[0084] D. Model Selection

[0085] The approach for realizing the model selection capability is based on the hypothesis that, if solutions (i.e. correct document clusters) are sought in an incorrect solution space (i.e. using an incorrect number of clusters), the results obtained from each run of the document clustering will be quite randomized because the solution does not exist. Otherwise, the results obtained from multiple runs must be very similar assuming that there is only one genuine solution in the solution space. Translating this into the model selection problem, it can be said that, if the assumption of the number of clusters is correct, each run of the document clustering will produce similar sets of document clusters; otherwise, clustering result obtained from each run will be unstable, showing a large disparity.

[0086] For purposes of illustration, to measure the similarity between the two sets of document clusters C={c1,c2, . . . , ck} and C′={c1′,c2′, . . . , ck′}, the following mutual information metric MI(C, C′) is used:

[0087] here p(ci), p(cj′) denote the probabilities that a document arbitrarily selected from the corpus belongs to the clusters ci and cj′, respectively, and p(ci, cj′) denotes the joint probability that this arbitrarily selected document belongs to the clusters ci and cj′ at the same time. MI(C, C′) takes values between zero and max(H(C),H(C′)), where H(C) and H(C′) are the entropies of C and C′, respectively. It reaches the maximum max(H(C),H(C′)) when the two sets of document clusters are identical, whereas it becomes zero when the two sets are completely independent. Another important character of MI(C, C′) is that, for each ci∈C, it does not need to find the corresponding counterpart in C′, and the value stays the same for all kinds of permutations.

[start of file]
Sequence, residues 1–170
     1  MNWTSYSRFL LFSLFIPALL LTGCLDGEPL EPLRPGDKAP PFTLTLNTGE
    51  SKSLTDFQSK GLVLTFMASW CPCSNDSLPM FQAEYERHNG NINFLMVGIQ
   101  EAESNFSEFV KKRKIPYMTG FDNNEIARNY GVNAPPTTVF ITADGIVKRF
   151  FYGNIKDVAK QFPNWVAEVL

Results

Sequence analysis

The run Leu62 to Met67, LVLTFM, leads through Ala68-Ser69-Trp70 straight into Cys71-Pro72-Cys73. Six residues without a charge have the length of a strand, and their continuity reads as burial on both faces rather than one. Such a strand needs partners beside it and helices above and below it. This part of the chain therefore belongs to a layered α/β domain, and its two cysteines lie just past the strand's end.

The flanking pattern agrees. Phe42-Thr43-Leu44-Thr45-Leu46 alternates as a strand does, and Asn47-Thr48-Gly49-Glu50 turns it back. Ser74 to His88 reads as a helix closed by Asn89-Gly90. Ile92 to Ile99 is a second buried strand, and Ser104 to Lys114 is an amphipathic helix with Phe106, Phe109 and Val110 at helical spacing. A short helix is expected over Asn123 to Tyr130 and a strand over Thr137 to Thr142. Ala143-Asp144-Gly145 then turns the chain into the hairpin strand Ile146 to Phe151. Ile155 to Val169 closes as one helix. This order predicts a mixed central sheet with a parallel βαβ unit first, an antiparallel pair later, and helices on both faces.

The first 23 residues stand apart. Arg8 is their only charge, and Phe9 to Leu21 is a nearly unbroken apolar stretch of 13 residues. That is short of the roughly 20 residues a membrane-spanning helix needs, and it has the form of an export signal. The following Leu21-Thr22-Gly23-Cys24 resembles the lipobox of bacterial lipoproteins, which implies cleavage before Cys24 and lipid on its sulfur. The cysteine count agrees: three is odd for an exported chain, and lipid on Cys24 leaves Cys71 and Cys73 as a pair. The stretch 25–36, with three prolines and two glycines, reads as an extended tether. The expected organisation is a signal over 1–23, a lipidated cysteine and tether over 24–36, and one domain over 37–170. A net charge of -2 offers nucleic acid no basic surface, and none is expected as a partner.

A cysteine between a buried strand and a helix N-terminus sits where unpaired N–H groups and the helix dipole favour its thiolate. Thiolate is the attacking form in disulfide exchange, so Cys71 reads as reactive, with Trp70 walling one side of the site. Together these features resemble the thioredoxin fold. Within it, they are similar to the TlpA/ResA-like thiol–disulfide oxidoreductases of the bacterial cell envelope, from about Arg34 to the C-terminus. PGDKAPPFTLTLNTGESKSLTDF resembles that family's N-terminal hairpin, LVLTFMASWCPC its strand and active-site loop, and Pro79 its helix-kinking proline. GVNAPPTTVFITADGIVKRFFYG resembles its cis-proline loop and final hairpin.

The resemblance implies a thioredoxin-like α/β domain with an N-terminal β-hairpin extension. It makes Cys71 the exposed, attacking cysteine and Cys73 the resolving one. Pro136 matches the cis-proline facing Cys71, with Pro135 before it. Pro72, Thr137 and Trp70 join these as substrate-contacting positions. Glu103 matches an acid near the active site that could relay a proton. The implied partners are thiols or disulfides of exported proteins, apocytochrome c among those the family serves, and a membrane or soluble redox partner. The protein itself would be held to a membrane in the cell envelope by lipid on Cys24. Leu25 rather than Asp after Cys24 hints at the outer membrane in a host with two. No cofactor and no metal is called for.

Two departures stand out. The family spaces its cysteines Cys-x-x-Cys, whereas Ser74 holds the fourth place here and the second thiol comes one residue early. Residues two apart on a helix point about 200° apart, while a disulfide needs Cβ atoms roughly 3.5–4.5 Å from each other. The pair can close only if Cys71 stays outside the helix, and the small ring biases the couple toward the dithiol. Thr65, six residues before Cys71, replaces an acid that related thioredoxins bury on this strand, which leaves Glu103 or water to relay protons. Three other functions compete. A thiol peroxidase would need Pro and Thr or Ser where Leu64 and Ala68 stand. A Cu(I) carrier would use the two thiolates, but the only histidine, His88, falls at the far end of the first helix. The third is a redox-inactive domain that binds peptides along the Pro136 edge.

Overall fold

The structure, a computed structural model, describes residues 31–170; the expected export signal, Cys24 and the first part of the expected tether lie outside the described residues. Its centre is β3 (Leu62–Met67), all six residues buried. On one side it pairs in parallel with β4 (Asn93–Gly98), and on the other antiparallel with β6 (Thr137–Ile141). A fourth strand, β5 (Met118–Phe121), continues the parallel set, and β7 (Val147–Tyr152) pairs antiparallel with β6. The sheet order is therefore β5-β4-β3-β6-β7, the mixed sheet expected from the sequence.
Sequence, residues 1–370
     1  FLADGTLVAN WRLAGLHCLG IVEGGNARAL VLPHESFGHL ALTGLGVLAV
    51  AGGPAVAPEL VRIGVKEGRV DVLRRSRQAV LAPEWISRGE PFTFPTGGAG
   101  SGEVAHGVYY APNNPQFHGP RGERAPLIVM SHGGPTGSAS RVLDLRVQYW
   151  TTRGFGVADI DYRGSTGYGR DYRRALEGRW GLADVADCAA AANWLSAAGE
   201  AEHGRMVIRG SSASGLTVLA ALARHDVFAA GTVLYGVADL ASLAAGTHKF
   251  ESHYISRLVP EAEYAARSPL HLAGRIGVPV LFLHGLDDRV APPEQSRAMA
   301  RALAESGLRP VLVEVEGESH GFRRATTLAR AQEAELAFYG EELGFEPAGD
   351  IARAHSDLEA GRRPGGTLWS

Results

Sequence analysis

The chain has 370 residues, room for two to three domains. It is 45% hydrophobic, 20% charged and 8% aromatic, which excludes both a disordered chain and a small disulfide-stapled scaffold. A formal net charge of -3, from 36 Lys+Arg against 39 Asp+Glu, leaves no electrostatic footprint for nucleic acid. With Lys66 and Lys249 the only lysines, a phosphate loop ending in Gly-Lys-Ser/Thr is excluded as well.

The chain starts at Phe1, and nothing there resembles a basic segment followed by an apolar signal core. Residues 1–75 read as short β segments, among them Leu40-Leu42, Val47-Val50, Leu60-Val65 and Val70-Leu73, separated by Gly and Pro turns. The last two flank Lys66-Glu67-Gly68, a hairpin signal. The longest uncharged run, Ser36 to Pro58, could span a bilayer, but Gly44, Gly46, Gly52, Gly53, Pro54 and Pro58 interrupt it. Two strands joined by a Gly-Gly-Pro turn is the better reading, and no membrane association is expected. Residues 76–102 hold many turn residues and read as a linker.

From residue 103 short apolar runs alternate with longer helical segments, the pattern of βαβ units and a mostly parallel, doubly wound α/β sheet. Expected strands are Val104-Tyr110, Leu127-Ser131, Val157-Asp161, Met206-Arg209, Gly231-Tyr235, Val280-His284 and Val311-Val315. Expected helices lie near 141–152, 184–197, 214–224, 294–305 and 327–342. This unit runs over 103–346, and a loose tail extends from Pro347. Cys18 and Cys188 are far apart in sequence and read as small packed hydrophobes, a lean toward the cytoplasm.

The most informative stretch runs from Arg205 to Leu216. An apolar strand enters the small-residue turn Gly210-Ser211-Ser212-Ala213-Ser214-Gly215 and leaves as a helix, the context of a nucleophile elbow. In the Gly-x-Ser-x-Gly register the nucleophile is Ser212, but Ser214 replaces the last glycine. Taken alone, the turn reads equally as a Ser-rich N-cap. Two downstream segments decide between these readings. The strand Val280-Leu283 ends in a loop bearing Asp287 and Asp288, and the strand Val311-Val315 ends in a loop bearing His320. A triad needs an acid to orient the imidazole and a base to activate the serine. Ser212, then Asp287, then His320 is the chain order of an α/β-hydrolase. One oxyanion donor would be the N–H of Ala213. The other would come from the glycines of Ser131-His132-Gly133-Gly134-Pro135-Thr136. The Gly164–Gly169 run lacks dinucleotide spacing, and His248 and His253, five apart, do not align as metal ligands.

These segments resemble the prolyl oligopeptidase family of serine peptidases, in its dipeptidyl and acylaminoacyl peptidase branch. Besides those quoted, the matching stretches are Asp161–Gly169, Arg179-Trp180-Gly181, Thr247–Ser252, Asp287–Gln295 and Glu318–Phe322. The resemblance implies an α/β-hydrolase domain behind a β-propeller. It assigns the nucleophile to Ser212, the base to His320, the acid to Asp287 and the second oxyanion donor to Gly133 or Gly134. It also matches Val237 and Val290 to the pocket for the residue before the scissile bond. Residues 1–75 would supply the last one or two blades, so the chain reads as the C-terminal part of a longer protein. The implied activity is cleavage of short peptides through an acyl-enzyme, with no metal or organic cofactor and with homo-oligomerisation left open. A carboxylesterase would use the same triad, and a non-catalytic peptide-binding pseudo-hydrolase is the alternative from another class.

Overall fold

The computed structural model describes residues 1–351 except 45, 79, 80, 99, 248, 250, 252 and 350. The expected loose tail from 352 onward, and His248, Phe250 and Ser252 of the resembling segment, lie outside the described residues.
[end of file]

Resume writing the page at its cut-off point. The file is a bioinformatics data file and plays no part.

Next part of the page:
[0088] To simplify comparisons between different cluster set pairs, the following normalized metric {circumflex over (M)}I(C,C′) which takes values between zero and one is used:

[0089]FIG. 2 illustrates an exemplary model selection algorithm:

[0090] Step 1. Get the user's input for the data range (Rl, Rh) within which to guess the possible number of document clusters. (S200)

[0091] Step 2. Set k=Rl. (S202)

[0092] Step 3. Cluster the document corpus into k clusters, and run the clustering process with different cluster initializations for Q times. (S204)

[0093] Step 4. Compute {circumflex over (M)}I between each pair of the results, and take the average on all the {circumflex over (M)}I's. (S206)

[0094] Step 5. If k<Rh (S208), k=k+1 (S210) and return to Step 3.

[0095] Step 6. Select the k which yields the largest average {circumflex over (M)}I. (S212)

[0096] Experimental Evaluations

[0097] An evaluation database was constructed using the National Institute of Standards and Technology's (NIST) Topic Detection and Tracking (TDT2) corpus <2>. The TDT2 corpus is composed of documents from six news agencies, and contains 100 major news events reported in 1998. Each document in the corpus has a unique label that indicates which news event it belongs to. From this corpus, 15 news events reported by three news agencies including CNN, ABC, and VOA were selected. Table 1 provides detailed statistics of our evaluation database.

[0098] A. Document Clustering Evaluation

[0099] The testing data used for evaluating the document clustering method were formed by mixing documents from multiple topics arbitrarily selected from the evaluation database. At each run of the test, documents from a selected number k of topics are mixed, and the mixed document set, along with the cluster number k, are provided to the clustering process. The result is evaluated by comparing the cluster label of each document with its label provided by the TDT2 corpus.